Answer: “There’s a real romance to motorcycling, and this is always recognized by a certain type of individual who values adventure above security and comfort. Luckily, every generation seems to produce a surprising number of these people.” – Peter Egan
“The perfect man? A poet on a motorcycle.” – Lucinda Williams [Read more…] about Getting Interested in Motorcycles
Story and photos by Jonathan Sharp
This is the fifth year in a row that Jonathan Sharp has covered the Italian Car Day at Brooklands. And despite the narrow focus, there are very few repeats, as can be seen by Sharp’s photo selections over the years.
As Pete has said, I have covered the Italian Car Day at Brooklands for VeloceToday for the past 5 years but I have been attending the Italian Car Day in its various guises and locations for over 30 years. This year, as usual, Brooklands was groaning under the weight of Italian cars. But there seemed to be a higher percentage of newer cars, which would seem to indicate to me that those who currently buy new Italian cars also embrace the Italian life style and motoring heritage. Walking around the site I kept coming upon cars that I once owned, or have wanted to own – and I am not talking about the Ferraris and Lamborghini’s that were present in reasonable numbers. I get more of a buzz coming across an immaculate Alfa Sud or a Fiat 130 than I do finding a paddock full of 458’s and Aventadores. And, therefore, it is those types of cars that we present in this article.
Story by Philippe H. Defechereux © 2017
The One Day Every Year When French Unicorns Run Free in New York City Streets
To certain onlookers, they may briefly evoke unicorns, except that their outer surface is often quite colorful and their one horn is inside the car. To hear most New Yorkers who catch a good glimpse, they look more like UFOs on wheels. But not to the numerous French car aficionados, expats or tourists on a visit from France. For them the strange vehicles are quite familiar and a propitious apparition to behold.
Story by Brandes Elitch, photos by David Fetherston
On May 6, about 3000 motorcycle enthusiasts gathered at the Quail Lodge & Golf Club in Carmel Valley, California for the 9th annual Quail Motorcycle Gathering. Carmel Valley is a surprisingly rustic and rural stretch of road that runs from Carmel Village on the bay to Salinas inland. The program states that “what began as a small gathering of enthusiasts has grown into one of the premier celebrations of motorcycling in the country,” and this is an understatement. There may be other “events” such as Daytona Bike Week, but there is no other motorcycle show like this or anything close, anywhere in the country. On the green in back of the Lodge were about 350 motorcycles, scooters, and bicycles, with a special tribute to 50th anniversary of the Norton Commando. [Read more…] about The Quail Motorcycle Gathering 2017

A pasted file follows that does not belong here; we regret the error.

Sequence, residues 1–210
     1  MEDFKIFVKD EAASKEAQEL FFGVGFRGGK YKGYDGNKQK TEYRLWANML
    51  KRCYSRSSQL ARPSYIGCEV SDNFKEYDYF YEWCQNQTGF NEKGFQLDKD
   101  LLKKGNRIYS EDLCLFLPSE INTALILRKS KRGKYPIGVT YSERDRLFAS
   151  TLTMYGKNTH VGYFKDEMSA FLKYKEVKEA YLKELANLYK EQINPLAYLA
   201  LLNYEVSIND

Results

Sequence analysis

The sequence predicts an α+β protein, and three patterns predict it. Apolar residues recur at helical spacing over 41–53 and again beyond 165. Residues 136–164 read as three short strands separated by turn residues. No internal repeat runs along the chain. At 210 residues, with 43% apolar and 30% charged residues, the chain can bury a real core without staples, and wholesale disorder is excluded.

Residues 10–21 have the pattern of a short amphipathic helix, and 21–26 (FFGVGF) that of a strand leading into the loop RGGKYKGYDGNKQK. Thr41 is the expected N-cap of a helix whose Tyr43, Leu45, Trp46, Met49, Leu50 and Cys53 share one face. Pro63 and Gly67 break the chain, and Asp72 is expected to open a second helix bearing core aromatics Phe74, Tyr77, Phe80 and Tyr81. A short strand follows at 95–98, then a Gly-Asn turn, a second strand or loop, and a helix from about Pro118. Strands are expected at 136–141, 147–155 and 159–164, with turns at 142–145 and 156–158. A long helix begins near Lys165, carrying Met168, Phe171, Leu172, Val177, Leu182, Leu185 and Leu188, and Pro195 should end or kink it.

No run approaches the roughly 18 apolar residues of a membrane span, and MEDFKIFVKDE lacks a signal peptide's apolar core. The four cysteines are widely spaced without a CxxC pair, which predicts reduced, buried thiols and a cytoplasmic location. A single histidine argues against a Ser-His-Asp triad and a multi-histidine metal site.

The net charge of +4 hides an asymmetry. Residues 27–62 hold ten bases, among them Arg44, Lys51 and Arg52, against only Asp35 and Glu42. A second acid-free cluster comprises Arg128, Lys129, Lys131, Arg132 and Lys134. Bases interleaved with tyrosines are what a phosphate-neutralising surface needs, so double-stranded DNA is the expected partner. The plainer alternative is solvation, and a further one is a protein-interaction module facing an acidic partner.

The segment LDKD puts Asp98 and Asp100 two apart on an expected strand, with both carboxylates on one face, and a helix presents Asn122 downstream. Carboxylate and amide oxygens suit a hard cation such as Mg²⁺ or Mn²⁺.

Story and photos by Graham Gauld unless otherwise noted
European motor racing in the years immediately following World War II tended to be a strictly European affair; that is until the arrival of the great Juan Manuel Fangio in 1948. Unlike Europe, where there was a war to contend with, young Fangio learned his motor racing craft in the wild and dangerous racing in Argentina in the 1930s and 1940s.
He proved to be not only a tough competitor but also a winner. Who better to be an ambassador for the Salomon Rudman’s Argentinean-based Suixtil company’s entry into the area of motor racing? Rudman’s enthusiasm for motor racing saw him produce clothing, which would not only be stylish but also comfortable. He took advice from his motor racing friends like Fangio as to design and functionality.